7. Li Z, Liu M, Lan L, Zeng F, Makris N, Liang Y et al (2016) Altered periaqueductal gray resting state functional connectivity in migraine and the modulation effect of treatment. Sci Rep 6:20298View ArticlePubMedPubMed CentralGoogle Scholar
  8. Chen Z, Chen X, Liu M, Liu S, Ma L, Yu S (2016) Nonspecific periaqueductal gray lesions on T2WI in episodic migraine. J Headache Pain 17:101View ArticlePubMedPubMed CentralGoogle Scholar
  9. Ito K, Kudo M, Sasaki M, Saito A, Yamashita F, Harada T et al (2016) Detection of changes in the periaqueductal gray matter of patients with episodic migraine using quantitative diffusion kurtosis imaging: preliminary findings. Neuroradiology 58:115–20View ArticlePubMedGoogle Scholar
  10. Menant O, Andersson F, Zelena D, Chaillou E (2016) The benefits of magnetic resonance imaging methods to extend the knowledge of the anatomical organisation of the periaqueductal gray in mammals. J Chem Neuroanat 77:110–20View ArticlePubMedGoogle Scholar
  11. Coulombe MA, Erpelding N, Kucyi A, Davis KD (2016) Intrinsic functional connectivity of periaqueductal gray subregions in humans. Hum Brain Mapp 37:1514–30View ArticlePubMedGoogle Scholar
  12. Headache Classification Committee of the International Headache Society (IHS) (2013) The International Classification of Headache Disorders, 3rd edition (beta version). Cephalalgia 33:629–808View ArticleGoogle Scholar
  13. Maier W, Buller R, Philipp M, Heuser I (1988) The Hamilton anxiety scale: reliability, validity and sensitivity to change in anxiety and depressive disorders. J Affect Disord 14:61–8View ArticlePubMedGoogle Scholar
  14. Hamilton M (1967) Development of a rating scale for primary depressive illness. Br J Soc Clin Psychol 6:278–96View ArticlePubMedGoogle Scholar
  15. Song XW, Dong ZY, Long XY, Li SF, Zuo XN, Zhu CZ et al (2011) REST: a toolkit for resting-state functional magnetic resonance imaging data processing. PLoS One 6:e25031View ArticlePubMedPubMed CentralGoogle Scholar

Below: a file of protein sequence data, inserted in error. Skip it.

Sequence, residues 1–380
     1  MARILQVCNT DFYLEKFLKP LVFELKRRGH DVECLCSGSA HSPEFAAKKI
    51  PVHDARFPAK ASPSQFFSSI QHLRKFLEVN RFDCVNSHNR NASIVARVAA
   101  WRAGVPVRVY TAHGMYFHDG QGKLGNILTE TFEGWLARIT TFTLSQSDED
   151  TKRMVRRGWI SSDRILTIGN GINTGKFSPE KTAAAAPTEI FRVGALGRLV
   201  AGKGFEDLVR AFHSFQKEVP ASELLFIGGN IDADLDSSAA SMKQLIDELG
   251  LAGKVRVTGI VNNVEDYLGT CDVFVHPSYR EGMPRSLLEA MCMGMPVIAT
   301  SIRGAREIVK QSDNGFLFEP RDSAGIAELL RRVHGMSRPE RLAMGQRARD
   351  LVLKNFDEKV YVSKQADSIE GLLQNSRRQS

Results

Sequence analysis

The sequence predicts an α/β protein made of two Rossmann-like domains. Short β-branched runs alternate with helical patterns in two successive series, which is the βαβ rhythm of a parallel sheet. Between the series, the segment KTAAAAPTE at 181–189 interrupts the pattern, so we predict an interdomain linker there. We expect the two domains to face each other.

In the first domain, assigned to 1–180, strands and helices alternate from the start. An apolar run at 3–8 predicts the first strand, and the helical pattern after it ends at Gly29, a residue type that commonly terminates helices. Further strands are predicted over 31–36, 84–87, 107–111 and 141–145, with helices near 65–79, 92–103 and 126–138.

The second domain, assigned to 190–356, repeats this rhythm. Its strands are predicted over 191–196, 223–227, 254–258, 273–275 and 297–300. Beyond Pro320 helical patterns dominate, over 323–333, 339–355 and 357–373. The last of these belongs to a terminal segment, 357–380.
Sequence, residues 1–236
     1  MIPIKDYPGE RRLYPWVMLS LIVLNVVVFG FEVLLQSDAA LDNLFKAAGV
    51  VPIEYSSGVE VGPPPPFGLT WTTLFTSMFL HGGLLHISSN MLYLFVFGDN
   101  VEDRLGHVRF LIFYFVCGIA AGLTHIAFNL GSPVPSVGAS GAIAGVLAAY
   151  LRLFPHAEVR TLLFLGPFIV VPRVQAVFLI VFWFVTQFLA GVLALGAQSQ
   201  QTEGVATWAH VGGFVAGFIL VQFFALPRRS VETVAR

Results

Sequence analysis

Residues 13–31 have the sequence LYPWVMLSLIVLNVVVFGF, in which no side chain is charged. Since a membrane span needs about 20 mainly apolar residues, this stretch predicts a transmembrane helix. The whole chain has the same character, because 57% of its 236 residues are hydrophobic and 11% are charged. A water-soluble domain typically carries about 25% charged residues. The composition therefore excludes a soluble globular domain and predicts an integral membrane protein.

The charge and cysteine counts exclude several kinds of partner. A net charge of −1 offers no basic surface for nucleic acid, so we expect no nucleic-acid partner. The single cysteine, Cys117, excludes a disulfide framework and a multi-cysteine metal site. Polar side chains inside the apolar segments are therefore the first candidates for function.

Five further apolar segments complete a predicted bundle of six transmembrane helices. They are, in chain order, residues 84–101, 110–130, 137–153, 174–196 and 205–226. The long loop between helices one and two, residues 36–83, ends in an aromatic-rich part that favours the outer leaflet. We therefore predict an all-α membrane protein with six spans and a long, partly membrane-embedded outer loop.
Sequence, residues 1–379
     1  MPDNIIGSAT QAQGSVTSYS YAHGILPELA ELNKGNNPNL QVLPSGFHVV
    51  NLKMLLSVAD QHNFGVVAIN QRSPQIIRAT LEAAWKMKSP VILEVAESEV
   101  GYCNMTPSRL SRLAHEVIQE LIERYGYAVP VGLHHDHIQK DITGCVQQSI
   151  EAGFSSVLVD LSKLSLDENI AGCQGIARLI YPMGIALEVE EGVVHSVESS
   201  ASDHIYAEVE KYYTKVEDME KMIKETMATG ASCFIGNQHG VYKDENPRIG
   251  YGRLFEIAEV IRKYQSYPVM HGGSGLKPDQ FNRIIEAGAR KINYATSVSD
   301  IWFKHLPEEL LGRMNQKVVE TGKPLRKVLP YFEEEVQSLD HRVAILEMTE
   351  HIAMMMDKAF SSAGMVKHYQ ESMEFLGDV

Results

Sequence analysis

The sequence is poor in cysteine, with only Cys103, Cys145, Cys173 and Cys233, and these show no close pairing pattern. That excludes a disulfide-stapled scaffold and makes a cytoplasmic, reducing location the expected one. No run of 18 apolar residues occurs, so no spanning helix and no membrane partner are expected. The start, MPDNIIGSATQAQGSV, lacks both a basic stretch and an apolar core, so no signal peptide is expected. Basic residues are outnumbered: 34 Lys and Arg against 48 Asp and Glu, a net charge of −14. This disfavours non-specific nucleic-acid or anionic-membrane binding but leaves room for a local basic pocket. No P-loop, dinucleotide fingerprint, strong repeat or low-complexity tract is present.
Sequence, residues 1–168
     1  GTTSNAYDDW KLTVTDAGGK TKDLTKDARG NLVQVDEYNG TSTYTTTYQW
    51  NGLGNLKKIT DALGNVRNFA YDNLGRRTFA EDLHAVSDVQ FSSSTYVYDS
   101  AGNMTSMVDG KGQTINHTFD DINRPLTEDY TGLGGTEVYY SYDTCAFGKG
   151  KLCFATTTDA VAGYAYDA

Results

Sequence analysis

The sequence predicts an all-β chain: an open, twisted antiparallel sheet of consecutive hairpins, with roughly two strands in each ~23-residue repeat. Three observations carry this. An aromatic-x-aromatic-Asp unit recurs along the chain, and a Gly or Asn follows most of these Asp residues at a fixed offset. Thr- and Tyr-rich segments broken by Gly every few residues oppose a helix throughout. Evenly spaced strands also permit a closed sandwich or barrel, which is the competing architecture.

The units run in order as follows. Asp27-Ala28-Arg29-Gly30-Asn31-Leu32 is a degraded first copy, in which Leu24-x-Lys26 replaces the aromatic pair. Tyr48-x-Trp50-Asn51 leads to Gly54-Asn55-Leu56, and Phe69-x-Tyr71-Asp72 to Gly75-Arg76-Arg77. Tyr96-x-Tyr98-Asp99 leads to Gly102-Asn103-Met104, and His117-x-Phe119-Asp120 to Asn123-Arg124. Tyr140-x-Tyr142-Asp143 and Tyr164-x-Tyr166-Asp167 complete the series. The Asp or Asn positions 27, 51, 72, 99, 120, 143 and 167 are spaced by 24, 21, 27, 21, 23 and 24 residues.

16. Yu R, Gollub RL, Spaeth R, Napadow V, Wasan A, Kong J (2014) Disrupted functional connectivity of the periaqueductal gray in chronic low back pain. Clin Neuropathol 6:100–8Google Scholar
  17. Zyloney CE, Jensen K, Polich G, Loiotile RE, Cheetham A, Laviolette PS et al (2010) Imaging the functional connectivity of the Periaqueductal Gray during genuine and sham electroacupuncture treatment. Mol Pain 6:1–11View ArticleGoogle Scholar
  18. Menke RA, Jbabdi S, Miller KL, Matthews PM, Zarei M (2010) Connectivity-based segmentation of the substantia nigra in human and its implications in Parkinson’s disease. Neuroimage 52:1175–80View ArticlePubMedGoogle Scholar
  19. Kong J, Tu PC, Zyloney C, Su TP (2010) Intrinsic functional connectivity of the periaqueductal gray, a resting fMRI study. Behav Brain Res 211:215–9View ArticlePubMedPubMed CentralGoogle Scholar
  20. Hamilton BL (1973) Cytoarchitectural subdivisions of the periaqueductal gray matter in the cat. J Comp Neurol 149:1–27View ArticlePubMedGoogle Scholar
  21. Hamilton BL (1973) Projections of the nuclei of the periaqueductal gray matter in the cat. J Comp Neurol 152:45–57View ArticlePubMedGoogle Scholar
  22. Depaulis A, Keay KA, Bandler R (1994) Quiescence and hyporeactivity evoked by activation of cell bodies in the ventrolateral midbrain periaqueductal gray of the rat. Exp Brain Res 99:75–83View ArticlePubMedGoogle Scholar
  23. Williams FG, Mullet MA, Beitz AJ (1995) Basal release of Met-enkephalin and neurotensin in the ventrolateral periaqueductal gray matter of the rat: a microdialysis study of antinociceptive circuits. Brain Res 690:207–16View ArticlePubMedGoogle Scholar